“Guns, pick up your guns, pick up your guns, and put the pigs on the run, pick up your guns,” sang a group of Black youths, their voices ringing clearly through the pixelated footage of my pirated copy of The Black Power Mixtape. The youth in the documentary clip were students at an Oakland Black Panther Party School, where the only use for a gun was in community self-defense. From the video, which I first watched in college, I was interested to learn that in addition to developing this ethos of self-defense, the youth were also trained in a robust accountability process for repairing the harms that students occasionally inflicted on one another: Volunteer student-run circles within the Oakland Black Panther Party School carried out transformative justice practices with their peers that were dramatically different from the punitive practices that were commonplace in the Oakland Unified School District.
In stark contrast to the Black Panther-led school, my own education had been rigidly hierarchical. As an undergrad film major, I was being prepared for a profit-driven, product-based industry in which everyone is a means to an end toward a factory model of art making. I cherished the militancy and collaboration that I saw in footage of the Black Panther Schools, and I decided that I would try to work my way toward becoming an art teacher who could facilitate a radical and caring space with youth to counteract the capitalist public, charter or private education systems that afflict most of us.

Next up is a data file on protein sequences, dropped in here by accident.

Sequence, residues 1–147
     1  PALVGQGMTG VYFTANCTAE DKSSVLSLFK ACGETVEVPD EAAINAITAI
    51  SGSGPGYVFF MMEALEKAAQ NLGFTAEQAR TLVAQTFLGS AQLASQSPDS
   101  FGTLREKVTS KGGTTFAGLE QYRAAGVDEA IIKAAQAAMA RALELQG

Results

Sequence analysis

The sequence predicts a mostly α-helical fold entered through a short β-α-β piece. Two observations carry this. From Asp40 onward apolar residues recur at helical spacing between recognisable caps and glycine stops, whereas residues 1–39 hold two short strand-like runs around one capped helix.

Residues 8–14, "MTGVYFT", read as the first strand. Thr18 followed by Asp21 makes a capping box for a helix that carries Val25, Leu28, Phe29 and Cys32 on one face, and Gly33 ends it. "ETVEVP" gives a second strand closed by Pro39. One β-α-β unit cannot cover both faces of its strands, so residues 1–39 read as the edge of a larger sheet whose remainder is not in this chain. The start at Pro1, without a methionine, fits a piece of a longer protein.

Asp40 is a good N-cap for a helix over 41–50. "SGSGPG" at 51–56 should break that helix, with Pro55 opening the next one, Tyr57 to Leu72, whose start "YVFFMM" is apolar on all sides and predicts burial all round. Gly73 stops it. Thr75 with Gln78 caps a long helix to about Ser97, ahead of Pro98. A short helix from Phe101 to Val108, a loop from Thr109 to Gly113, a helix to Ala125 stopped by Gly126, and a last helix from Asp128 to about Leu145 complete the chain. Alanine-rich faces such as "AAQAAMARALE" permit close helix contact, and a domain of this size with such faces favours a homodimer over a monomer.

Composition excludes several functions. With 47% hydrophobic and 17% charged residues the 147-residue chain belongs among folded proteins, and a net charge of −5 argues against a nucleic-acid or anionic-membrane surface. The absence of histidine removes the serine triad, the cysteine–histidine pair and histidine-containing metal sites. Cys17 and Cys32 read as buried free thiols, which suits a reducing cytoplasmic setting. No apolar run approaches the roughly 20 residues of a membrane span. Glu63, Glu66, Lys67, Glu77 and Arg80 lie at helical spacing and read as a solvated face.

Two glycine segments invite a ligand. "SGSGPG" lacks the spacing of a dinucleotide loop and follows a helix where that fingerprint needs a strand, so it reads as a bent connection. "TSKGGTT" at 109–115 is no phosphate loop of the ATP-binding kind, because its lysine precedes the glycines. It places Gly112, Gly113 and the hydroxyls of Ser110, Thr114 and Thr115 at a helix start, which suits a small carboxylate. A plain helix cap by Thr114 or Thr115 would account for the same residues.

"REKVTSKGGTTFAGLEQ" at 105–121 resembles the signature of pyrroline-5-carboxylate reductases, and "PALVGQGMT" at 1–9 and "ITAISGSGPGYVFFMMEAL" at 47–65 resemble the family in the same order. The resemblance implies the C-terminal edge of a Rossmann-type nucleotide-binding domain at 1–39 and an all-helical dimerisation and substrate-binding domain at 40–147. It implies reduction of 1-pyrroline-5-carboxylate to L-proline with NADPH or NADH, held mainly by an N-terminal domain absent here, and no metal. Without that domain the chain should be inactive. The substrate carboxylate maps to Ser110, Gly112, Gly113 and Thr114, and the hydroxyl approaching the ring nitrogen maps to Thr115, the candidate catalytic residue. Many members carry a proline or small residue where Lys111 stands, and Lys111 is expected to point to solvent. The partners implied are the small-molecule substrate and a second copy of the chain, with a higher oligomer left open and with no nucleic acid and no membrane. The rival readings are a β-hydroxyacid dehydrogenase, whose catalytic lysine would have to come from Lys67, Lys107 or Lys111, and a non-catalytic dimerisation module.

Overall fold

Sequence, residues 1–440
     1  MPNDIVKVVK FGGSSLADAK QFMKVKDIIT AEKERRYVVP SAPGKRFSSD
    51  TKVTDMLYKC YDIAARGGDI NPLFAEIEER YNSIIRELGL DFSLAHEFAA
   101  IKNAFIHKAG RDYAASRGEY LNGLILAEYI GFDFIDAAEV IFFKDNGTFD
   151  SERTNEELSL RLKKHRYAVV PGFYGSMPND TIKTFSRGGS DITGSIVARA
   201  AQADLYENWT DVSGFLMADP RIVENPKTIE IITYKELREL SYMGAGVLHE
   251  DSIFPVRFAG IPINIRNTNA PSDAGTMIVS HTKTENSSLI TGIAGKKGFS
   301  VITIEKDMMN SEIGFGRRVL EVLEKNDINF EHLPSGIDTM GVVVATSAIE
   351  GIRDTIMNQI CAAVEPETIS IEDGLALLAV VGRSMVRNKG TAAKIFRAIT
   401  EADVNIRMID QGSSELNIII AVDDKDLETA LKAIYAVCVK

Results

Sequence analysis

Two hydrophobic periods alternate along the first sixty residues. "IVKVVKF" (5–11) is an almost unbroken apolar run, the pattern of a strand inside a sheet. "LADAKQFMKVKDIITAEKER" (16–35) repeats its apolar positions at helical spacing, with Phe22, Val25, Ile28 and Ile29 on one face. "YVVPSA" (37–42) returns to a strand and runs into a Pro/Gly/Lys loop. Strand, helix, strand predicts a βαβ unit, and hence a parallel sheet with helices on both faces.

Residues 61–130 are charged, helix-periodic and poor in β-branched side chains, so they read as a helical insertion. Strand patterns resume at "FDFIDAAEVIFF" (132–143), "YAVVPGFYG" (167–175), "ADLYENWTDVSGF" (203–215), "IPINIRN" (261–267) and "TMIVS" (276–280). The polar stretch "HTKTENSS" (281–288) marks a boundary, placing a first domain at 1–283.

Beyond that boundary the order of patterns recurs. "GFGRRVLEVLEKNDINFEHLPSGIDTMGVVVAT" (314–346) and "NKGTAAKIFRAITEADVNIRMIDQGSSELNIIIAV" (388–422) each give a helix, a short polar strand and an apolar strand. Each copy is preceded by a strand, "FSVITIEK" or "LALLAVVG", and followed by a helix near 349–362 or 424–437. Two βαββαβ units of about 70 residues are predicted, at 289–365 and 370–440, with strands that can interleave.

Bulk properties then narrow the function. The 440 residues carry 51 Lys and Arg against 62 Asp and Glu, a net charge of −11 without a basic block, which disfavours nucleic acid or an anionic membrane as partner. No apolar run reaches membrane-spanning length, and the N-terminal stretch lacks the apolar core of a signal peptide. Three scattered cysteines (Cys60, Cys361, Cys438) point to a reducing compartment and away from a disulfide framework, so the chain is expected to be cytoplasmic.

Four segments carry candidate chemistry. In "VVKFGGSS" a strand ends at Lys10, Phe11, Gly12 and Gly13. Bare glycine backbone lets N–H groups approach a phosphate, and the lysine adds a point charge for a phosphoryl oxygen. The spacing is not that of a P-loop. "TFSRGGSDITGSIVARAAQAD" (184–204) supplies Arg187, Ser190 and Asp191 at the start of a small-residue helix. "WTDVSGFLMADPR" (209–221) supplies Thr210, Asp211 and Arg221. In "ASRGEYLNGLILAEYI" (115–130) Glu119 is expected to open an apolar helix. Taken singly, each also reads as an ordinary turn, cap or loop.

Over time, I learned that an autonomous community education will not be achieved through appealing to the paternalism of the private or public sector of education, but by reclaiming the resources and land that these institutions continue to steal from us. Thus far I have experienced two truly communal places of learning that have given me hope and proved to me that only we can provide the education we deserve.
A Taste of Liberatory Community-Based Education